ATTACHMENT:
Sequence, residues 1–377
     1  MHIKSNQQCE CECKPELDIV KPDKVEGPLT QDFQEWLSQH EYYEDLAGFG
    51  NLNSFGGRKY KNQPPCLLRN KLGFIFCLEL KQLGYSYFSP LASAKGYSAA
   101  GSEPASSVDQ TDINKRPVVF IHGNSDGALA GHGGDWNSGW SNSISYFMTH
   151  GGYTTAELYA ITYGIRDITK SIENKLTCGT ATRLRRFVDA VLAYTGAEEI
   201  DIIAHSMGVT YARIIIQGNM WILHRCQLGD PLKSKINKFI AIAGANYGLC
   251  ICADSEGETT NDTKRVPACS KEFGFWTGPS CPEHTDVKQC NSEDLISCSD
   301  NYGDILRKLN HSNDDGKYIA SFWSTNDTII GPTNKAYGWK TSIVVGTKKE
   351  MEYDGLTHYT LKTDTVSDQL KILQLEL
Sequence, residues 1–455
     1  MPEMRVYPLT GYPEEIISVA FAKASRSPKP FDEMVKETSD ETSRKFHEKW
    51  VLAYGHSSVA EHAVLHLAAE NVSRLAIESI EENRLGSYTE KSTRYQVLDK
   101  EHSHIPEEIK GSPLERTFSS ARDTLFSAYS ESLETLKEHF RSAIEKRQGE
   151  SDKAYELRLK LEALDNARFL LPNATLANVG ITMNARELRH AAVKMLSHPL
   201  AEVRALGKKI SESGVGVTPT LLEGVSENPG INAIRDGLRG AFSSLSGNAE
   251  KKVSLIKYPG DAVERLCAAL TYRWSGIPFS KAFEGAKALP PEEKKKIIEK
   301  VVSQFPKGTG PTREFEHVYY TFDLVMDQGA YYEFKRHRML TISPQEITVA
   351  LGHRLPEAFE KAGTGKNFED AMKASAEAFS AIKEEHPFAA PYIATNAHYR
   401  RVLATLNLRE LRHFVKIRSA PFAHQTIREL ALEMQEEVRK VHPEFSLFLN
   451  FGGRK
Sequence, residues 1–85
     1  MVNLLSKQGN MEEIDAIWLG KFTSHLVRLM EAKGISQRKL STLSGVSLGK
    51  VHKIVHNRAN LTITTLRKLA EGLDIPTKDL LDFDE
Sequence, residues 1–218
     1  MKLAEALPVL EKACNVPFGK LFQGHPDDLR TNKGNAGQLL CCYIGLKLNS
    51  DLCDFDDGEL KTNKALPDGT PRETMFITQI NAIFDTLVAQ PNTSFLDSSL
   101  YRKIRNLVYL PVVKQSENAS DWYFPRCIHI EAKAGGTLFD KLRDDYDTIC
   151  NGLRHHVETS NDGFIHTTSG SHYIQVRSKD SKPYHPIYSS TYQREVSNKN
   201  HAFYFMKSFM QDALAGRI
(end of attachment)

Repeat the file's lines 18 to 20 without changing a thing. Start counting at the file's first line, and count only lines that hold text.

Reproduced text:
   351  LGHRLPEAFE KAGTGKNFED AMKASAEAFS AIKEEHPFAA PYIATNAHYR
   401  RVLATLNLRE LRHFVKIRSA PFAHQTIREL ALEMQEEVRK VHPEFSLFLN
   451  FGGRK